TITANIC 1912 - The story of the RMS Titanic disaster told thru the news stories of the day.
The first narration is a rare 1936 radio interview of the only surviving bridge officer, Second Officer Charles Lightoller. Ken Rossignol explains how the news reports were fabricated, misconstrued, confused and in some cases, amazingly accurate. Myths are revealed about the story of the Titanic and heroes recognized in two speaking engagements - one as a Serenebe Fellow for the Serenbe Playhouse Musical at Chattahoochee Hills, Georgia and the second onboard the Celebrity Summit at sea.
Category Archives: Titanic Photos and Memoriabilia
Carpathia Captain Arthur Henry Rostron wrote this account of his rescue of Titanic survivors
One of the only photos taken while the Titanic was at sea
A father and son on the deck of the Titanic
103 years ago on April 15th the ship dove to the bottom of the Atlantic
This is one of but a few actual photos taken while the Titanic was at sea. This and others were taken by Father Francis Browne who had been given a ticket for the voyage between Southampton and Ireland by his uncle, a Catholic Bishop as a graduation present upon completing the seminary. Upon arriving at Ireland, Father Browne wired his uncle and asked permission to continue on to New York. The reply was “get off that ship now”. The priest had to turn down the offer from some wealthy Americans who were going to pay for him to travel to New York and back and he left the ship at Queenstown, Ireland. He had one other present with him on the trip and it was the camera he used to take this photo. By obeying his uncle, he also preserved for generations to come the only photos taken on board the Titanic while it was at sea. What was the fate of the father and son shown here? They both survived the sinking but within a couple of years both met tragic deaths.
Brand New Kindle Paperwhite or $119 Amazon Gift Card will be given away on April 15th. Pick up a copy of my book, TITANIC 1912 at Amazon. You will be able to learn more about how the newspapers of the day reported the story of the sinking of the great ship, how they got the story right and how they got it wrong. There are plenty of books describing the disaster itself, this one tells the story from the news reports and first interviews with the survivors themselves…along with the astonishing story of how the ship was actually on fire from the time it left Southampton.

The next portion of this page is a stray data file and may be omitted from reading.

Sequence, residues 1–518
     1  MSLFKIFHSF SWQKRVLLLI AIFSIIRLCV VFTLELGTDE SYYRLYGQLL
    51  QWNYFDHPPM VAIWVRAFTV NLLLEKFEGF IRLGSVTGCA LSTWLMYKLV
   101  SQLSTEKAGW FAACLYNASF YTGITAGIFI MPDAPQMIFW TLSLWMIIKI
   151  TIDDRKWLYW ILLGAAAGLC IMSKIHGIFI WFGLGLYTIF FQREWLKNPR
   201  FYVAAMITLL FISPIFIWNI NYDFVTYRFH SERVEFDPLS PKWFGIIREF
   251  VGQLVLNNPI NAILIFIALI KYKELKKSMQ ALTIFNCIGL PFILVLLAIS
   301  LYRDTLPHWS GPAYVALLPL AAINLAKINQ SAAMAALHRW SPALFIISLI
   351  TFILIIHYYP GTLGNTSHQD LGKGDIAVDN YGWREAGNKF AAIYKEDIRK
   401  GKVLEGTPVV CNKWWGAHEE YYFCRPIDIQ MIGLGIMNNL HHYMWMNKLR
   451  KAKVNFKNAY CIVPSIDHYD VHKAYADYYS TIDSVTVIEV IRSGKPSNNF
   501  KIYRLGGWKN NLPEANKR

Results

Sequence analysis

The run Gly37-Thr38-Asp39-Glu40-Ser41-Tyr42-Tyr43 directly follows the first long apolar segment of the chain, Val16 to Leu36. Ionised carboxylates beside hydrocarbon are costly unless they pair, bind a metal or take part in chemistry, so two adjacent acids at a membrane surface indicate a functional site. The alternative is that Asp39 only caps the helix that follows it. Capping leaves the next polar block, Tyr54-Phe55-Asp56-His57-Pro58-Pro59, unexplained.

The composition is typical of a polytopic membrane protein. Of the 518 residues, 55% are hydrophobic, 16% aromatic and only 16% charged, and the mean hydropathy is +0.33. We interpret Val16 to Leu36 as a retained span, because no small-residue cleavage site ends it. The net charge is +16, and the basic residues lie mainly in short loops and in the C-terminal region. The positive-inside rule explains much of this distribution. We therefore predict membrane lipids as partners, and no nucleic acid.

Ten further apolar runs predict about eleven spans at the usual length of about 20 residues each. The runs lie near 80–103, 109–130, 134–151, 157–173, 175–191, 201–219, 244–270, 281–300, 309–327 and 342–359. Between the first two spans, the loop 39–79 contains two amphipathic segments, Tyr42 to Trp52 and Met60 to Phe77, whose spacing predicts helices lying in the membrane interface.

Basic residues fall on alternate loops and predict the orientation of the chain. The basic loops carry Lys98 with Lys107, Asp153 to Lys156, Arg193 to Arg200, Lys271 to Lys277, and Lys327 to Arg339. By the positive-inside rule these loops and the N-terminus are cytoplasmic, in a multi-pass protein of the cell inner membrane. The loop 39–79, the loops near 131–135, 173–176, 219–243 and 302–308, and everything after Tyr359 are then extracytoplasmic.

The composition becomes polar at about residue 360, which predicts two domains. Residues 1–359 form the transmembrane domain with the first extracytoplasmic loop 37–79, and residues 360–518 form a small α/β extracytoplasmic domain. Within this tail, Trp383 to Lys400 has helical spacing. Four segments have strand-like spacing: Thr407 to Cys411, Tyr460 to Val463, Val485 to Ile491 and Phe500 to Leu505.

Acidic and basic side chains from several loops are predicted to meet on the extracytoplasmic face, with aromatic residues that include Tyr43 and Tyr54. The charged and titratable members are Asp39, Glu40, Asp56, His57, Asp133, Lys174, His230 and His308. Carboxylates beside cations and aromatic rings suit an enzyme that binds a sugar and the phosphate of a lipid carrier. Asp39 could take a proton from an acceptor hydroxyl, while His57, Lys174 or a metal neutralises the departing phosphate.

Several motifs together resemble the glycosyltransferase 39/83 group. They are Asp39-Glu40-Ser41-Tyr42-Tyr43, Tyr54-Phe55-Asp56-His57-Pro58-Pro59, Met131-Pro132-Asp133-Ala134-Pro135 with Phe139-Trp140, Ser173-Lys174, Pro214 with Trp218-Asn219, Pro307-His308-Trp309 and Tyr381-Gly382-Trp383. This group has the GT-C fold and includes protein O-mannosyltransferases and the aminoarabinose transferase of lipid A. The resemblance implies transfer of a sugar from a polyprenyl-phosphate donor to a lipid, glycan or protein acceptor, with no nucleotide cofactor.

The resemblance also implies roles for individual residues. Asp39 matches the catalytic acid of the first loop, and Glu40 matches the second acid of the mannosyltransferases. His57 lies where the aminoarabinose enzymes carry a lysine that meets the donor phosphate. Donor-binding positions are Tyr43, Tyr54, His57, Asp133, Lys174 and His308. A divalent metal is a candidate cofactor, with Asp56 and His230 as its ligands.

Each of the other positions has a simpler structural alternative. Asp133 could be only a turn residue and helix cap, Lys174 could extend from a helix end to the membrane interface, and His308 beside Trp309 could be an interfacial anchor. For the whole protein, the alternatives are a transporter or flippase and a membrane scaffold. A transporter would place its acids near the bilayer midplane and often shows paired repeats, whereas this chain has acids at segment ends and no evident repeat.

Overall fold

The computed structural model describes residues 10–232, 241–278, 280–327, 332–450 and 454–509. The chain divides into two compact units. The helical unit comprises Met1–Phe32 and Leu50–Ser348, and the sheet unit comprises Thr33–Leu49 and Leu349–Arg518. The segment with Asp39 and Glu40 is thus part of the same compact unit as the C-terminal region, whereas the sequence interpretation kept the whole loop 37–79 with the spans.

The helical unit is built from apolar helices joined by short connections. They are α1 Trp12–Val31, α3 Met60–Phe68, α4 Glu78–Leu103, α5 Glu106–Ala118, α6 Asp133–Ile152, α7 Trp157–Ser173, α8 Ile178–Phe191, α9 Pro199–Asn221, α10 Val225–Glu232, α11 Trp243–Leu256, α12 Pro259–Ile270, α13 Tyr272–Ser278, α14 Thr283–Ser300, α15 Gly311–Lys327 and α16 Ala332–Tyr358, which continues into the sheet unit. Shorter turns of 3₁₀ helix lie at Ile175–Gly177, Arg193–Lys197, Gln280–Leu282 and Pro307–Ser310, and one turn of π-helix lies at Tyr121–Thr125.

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An evening of immersion in the facts, fiction, follies and foods of the Titanic
For those who wonder what really happened when the Titanic sank, Ken Rossignol, author of “Titanic 1912,” will provide details at the Hotel Fauchere’s “Titanic Dinner” Sunday, at which food from the galley’s recipes will be served.
The evening of immersion in the facts, fiction, follies and foods of the Titanic is a collaboration between the Pike County Historical Society and the Fauchere.
It will begin at 5:30 p.m. with Rossignol’s presentation at the Emerson House, next to the hotel. The dinner afterward will be in the Delmonico Room of the Fauchere.
Rossignol will expound on who was brave, who was cowardly, who later lied, told the truth, or was befogged. He can explain what made Molly Brown unsinkable and why the ship’s crew lacked binoculars to see the iceberg ahead.
Rossignol, who writes cruise ship thrillers and lectures on cruise ships, may also offer advice on what to do should you find yourself on a sinking ship. One piece of advice he gives is to bring a flashlight. As a ship sinks, electricity is lost and the ship goes dark.
Rossignol started his own weekly newspaper in Maryland, Saint Mary’s Today, when he felt local newspapers were filling pages with fluff while missing important stories, and he did extensive research to find out how 1912 newspapers made big mistakes with the Titanic story. Despite fast-moving information that quickly provided photos of the disaster, the London Daily Mail wrote that “all were saved,” and the Washington Post wrote that 800 had died, though the dead numbered over 1,500.
Rossignol will also highlight what news reports completely missed. He says, for instance, that while the ship was approaching an iceberg, 12 crew members were working around the clock to put out a coal fire that was damaging the ship.
“They should have returned to port when the ship caught fire,” says Rossignol. “It was burning the whole time.”